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Posted by on August 25, 2013 in Book Review, Favorite Books, Ideas

 

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I’ll Take “Book Hunting” For 100!

Unless I’ve miscounted or my blog program is lying to me, this should be my 100th post here at the Old Book Bible Story BookJunkie. 100. Didn’t know if I’d make it that long. Thanks to all of you who have read and/or followed me here. I can’t tell you how much I appreciate all your “likes” and comments. Hopefully, I can earn your continued patronage in the year ahead. Now, onward.

Once again I have been out among the thrift stores and library sales, and once again I have found some nice books. This past Friday my wife and I were at the Disabled American Veterans Thrift store, one of our favorite places to rummage around in. They have great items at great prices and for a great cause.

For example, I found a nice copy of “Egermeier’s Bible Story Book: A Complete Narration from Genesis to Revelation for Young and Old,” (1955, Warner Press Publication, Gospel Trumpet Company.) These versions of the biblical stories were first written and published in 1923 by Elsie E. Egermeier. The 1955 version I found was revised slightly by Arlene Hall.

Samuel gets a new coatElsie Egermeier’s intent was to “present these stories in such a simple, direct manner that her youthful readers will have no difficulty in comprehending their teaching.” It seems that this type of book, re-telling the key Bible stories in plain language for younger readers, was very popular in the early to mid-20th century. Some of the newer ones I’ve seen today tend to be cartoonish in their approach, particularly the illustrations. As you can see from this picture, that’s not the case with  “The Bible Story Book.” The book is full of wonderful color and black and white lithographs that don’t turn the stories into fairy tales. I have concerns about children seeing cartoon depictions of Moses or Jesus. Do they understand that they were real people and not some cartoon characters?

I also picked up a good, clean copy of “The Oxford Annotated Apocrypha, Expanded Edition,” (1977, Oxford University Press, Inc.) It is edited by the great Bruce M. Metzger and this expanded edition contains the third and fourth books of the Maccabees and Psalm 151. That’s right, Psalm 151, which is purportedly a psalm of David commemorating his battle with the giant Goliath. Is it true? God knows, but the psalm is great:

I went out to meet the Philistine,

and he cursed me by his idols.

But I drew his own sword;

I beheaded him, and removed

reproach from the people of Israel.

Whether you think the Apocrypha should be canonical or not, it is a marvelous enhancement to the Scriptures. I’ve always enjoyed reading it, particularly the Wisdom of Solomon and Tobit. This annotated copy of the Revised Standard Version is a great addition to my library.

Finally, I found a copy of the “Abingdon Bible Handbook,” (1975, Abingdon Press) by Edward P. Blair. This will be a useful reference book since it includes nice, brief summaries and backgrounds on each book of the Bible, as well as chapters on Bible translation, interpretation, history, archaeology and chronology.

Well, that’s all for now. Thanks again for hanging with me and I hope to have a lot more interesting things for all of you in the year ahead!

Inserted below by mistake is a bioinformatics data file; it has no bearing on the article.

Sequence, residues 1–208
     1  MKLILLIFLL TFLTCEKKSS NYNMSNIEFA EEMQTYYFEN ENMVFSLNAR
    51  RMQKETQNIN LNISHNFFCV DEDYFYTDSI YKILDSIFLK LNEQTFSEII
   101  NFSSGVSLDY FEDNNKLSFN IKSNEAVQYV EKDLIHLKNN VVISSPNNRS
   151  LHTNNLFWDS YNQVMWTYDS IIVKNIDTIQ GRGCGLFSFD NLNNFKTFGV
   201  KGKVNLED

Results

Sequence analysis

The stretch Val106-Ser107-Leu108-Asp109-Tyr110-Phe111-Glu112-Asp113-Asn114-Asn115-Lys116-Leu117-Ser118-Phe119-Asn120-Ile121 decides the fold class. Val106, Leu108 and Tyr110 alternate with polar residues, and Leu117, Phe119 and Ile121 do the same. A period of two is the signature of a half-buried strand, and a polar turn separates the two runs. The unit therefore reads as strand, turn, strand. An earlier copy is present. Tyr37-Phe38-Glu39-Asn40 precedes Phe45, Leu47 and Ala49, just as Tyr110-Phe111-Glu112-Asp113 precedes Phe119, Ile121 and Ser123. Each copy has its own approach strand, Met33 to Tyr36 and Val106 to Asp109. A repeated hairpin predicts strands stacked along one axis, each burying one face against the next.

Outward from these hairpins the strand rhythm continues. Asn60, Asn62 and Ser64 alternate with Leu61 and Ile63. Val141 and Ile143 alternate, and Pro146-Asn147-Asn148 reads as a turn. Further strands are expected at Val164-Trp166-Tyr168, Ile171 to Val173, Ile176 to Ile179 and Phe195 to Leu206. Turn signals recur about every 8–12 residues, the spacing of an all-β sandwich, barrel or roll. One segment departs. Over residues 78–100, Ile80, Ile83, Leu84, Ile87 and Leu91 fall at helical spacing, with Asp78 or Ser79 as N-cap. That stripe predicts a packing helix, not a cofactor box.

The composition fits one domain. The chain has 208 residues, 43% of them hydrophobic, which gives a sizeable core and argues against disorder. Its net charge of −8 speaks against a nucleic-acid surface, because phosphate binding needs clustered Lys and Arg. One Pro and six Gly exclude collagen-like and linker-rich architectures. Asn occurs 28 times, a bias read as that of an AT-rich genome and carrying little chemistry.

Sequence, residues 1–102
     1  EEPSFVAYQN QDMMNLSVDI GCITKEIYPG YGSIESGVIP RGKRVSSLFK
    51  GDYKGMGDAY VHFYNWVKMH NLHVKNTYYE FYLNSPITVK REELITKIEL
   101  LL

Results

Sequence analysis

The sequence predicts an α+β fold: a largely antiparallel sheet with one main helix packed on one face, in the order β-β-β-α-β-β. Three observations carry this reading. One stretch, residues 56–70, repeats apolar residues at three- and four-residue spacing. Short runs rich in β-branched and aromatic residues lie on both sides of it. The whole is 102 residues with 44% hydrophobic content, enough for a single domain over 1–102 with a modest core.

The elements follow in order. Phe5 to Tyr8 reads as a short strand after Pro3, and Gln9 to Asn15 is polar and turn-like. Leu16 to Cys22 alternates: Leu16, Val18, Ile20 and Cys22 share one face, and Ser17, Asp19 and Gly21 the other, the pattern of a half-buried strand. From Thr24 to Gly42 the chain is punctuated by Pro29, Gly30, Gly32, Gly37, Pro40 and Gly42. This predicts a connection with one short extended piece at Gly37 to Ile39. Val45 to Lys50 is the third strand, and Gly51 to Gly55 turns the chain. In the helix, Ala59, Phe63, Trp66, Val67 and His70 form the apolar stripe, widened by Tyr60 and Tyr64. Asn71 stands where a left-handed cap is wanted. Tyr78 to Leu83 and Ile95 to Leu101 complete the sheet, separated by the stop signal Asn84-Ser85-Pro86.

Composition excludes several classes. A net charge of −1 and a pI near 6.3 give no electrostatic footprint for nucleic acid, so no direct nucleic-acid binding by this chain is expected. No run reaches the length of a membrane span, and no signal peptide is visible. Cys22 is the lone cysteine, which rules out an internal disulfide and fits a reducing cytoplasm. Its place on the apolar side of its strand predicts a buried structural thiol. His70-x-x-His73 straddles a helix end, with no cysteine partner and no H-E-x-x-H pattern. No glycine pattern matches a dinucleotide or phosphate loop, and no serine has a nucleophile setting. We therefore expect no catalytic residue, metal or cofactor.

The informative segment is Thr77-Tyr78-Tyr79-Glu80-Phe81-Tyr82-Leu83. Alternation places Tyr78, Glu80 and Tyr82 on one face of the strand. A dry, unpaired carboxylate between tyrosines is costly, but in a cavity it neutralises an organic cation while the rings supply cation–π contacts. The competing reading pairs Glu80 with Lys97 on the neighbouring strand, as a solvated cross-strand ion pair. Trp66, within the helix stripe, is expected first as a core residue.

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Posted by on February 25, 2013 in Book Hunting, Children's Books

 

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Don’t Get Too Close!

http://www.exophagy.com Frankenstein (1910 film)

http://www.exophagy.com Frankenstein (1910 film) (Photo credit: Wikipedia)

Sorry I’ve been away from the old keyboard for a bit. About two weeks ago I came down with something like a head cold on steroids. Headache, sinus pressure, a small cough and the usual “Yuck!” By the time my wife and I would get home from work in the afternoons the only thing I would be good for was the couch. It hurt to think much less actually put thoughts to paper (or screen, as the case may be!)

But even when I’m sick, there is one thing I still can do. Read. So here’s a brief recap of what I’ve been reading since the last time I put fingers to plastic.

I finished the fourth book in Dean Koontz’s Frankenstein series, “Lost Souls,” in which we meet the third incarnation of Victor Frankenstein, Victor Immaculate. By far the worst of the three, he is even scarier because his views are the same as certain groups of very radical environmentalists today. You might think that there couldn’t be anything funny about this book, but you’d be wrong. Koontz’s pairing of characters and the situations he places them in bring forth some of the best dialog you’ll ever read. Trust me on this. The fifth and final book in the series, ” The Dead Town,” is ready and waiting for me to finish two other books I’m now reading.

One of which is Eugene Peterson”s “Eat This Book.” My Christian friends will recognize Peterson as the author of “The Message.” Some think “The Message” is another paraphrase of the Bible but it describes itself as a “contemporary rendering of the Bible from the original languages, crafted to present its tone, rhythm, events, and ideas in everyday language.” Now, in “Eat This Book,” Peterson discusses the best ways to read this amazing book called the Bible. He stresses that we should try to avoid “atomizing” it, chopping it down into little factoids or proof texts for our pet positions. He spends a lot of words exploring a type of spiritual reading called “lectio divina” which has come down to us from ancient Christians. It’s a wonderful, encouraging read.

Finally, I’m reading the second in Thomas Cahill’s “The Hinges of History” series, titled “The Gifts of the Jews: How a Tribe of Desert Nomads Changed the Way Everyone Thinks and Feels.” I read his first volume “How the Irish Saved Civilization” last year and was completely charmed by it. This volume is equally well-written and fascinating. Even if you’re not a person of faith, you owe much to this bunch of desert dwellers. Without their beliefs and ideas, the way we view ourselves and our world would not be possible.